By Joanne M. Haas
MADISON — The Bush administration’s expected move to intensify scrutiny on imports of Chinese clothing should not affect the export relationships initiated in that country by Wisconsin officials and business leaders during the late March trade mission, Gov. Jim Doyle said Tuesday.
“I’ve been saying all along we want to export to China, but we need to have it be fair — these (trade) agreements need to be enforced fairly,” the Democratic governor told WisBusiness in a Tuesday interview. “And textiles really has been hit hard by unfair enforcement of those agreements.”
American manufacturers have alleged China is using currency manipulation and a government subsidy to create a nearly $125 billion trade surplus with the United States. Chinese officials, on the other hand, reportedly see the Bush administration’s latest actions to restrict clothing imports as pure presidential campaign politics — meant to soften the blow of the country’s loss of thousands of manufacturing jobs and gain ground in a tight race with Democratic U.S. Sen. John Kerry.
Kerry has routinely charged the Bush administration with failing the American worker by not enforcing trade agreements and allowing the outsourcing of jobs in this country to foreign lands.
What has manufacturers most worried is what might happen when the global quotas on textiles expire with the end of the year. Some American companies are expecting an onslaught of Chinese apparel, made for far cheaper costs by lower-paid workers, in conditions Doyle and other state delegation members urged be improved during their March trip.
“Here in Wisconsin, a number of businesses — Wigwam Socks (of Sheboygan) for example — is under tremendous pressure because the costs of China (production) are actually going down. They are not going up because of the currency manipulation and other things,” Doyle says. “We know that we’re never going to match labor costs, and I don’t think we want people working for those kinds of wages. But we shouldn’t have to on top of that, face the other kinds of barriers that are put up.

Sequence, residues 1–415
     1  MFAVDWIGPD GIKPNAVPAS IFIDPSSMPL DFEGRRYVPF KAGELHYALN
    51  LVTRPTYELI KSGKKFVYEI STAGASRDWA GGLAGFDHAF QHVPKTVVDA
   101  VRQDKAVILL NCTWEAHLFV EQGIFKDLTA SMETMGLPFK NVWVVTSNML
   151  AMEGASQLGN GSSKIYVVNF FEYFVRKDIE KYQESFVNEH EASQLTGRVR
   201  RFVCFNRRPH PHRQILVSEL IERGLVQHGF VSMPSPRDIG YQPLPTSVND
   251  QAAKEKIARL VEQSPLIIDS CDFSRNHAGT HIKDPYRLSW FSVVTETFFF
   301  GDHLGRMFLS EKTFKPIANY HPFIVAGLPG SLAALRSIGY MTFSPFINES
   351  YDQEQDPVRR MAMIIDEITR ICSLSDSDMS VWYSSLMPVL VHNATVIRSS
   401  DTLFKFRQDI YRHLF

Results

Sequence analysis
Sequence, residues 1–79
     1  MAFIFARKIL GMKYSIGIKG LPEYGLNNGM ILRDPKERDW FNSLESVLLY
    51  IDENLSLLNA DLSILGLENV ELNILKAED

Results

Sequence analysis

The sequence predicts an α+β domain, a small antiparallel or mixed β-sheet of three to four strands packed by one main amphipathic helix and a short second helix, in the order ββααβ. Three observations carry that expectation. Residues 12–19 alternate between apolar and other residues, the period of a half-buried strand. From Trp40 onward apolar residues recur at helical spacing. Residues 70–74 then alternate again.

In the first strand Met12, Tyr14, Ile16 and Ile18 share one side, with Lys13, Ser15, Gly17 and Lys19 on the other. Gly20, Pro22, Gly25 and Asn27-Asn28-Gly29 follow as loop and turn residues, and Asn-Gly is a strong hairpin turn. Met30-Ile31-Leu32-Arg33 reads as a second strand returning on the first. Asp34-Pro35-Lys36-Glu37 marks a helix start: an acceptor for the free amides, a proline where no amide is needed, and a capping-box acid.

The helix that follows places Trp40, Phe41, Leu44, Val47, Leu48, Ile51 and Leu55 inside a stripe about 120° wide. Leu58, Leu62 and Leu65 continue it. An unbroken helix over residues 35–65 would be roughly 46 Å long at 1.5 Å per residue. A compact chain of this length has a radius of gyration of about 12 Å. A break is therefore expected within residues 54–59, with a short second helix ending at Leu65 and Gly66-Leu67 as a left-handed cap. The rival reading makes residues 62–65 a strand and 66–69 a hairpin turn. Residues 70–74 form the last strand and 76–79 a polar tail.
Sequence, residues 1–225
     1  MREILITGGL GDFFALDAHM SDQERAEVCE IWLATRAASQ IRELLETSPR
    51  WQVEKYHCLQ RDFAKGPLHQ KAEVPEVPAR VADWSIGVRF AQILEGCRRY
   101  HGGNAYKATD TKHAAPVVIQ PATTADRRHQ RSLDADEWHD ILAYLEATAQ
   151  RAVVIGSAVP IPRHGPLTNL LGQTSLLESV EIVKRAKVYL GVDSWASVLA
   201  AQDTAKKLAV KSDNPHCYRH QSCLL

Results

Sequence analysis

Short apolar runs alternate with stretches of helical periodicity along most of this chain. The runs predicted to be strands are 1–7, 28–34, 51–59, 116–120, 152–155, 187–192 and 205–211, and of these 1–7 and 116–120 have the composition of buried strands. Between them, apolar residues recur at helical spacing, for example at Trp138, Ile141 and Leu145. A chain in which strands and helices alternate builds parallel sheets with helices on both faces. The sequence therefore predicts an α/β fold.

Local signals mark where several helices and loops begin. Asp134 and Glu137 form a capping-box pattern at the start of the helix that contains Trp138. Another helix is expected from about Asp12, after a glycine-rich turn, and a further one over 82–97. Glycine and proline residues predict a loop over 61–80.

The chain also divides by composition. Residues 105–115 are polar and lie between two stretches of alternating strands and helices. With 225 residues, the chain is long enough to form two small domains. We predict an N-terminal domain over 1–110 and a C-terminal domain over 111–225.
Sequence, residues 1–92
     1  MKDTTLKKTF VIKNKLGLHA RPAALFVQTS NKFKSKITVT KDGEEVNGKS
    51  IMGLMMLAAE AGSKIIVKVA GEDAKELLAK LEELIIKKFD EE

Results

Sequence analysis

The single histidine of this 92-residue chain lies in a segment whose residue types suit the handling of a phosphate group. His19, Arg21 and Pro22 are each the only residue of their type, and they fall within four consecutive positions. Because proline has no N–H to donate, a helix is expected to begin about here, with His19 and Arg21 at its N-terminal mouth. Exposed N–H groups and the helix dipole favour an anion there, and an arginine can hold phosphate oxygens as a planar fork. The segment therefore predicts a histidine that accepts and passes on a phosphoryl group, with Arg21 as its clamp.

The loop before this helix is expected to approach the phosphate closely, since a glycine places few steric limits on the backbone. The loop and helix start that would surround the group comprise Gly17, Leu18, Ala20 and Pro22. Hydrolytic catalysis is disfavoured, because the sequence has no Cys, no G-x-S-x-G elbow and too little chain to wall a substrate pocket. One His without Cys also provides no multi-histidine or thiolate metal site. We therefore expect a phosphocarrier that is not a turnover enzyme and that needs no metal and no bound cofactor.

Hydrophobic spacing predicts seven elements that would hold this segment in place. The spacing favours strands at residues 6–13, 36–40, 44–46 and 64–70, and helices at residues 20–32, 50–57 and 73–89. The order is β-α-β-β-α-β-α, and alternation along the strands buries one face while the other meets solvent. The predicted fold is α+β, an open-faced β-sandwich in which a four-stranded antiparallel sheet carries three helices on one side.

“The textile industry has spoken out very strongly on this that the competition is not fair,” he says.
Grant Aldonas, the U.S. undersecretary for commerce, was in Beijing today and said his message to Chinese trade leaders was to look for new American limits on Chinese imports yet this month. He also told reporters American textile manufacturers would be on the lookout for any hints of piracy or market bumps after the first of the new year
Doyle in March led an 80-member trade mission to China, where Wisconsin’s agricultural, biotechnology, construction, insurance and other businesses were able to establish contacts members believe will lead to lucrative arrangements.
The business development trip included stops in Shanghai, Nanjing, Hong Kong and Beijing. The purpose of the trip was to build relationships to usher into the country some of Wisconsin’s products — especially agriculture and manufacturing offerings — viewed as ideal for the 100 million middle-class Chinese residents who are among the country’s 1.3 billion total population living in one of the world’s fastest growing economies.
During a summer follow-up meeting with delegates, some businesses reported having secured deals while others have had follow-up contacts and even a couple are planning their own return trips. China also is lagging in insurance and financial services, an area Doyle seems certain Wisconsin’s strengths can fill.
Last year, Wisconsin exports to China jumped more than 50 percent, making it among Wisconsin’s fastest growing markets.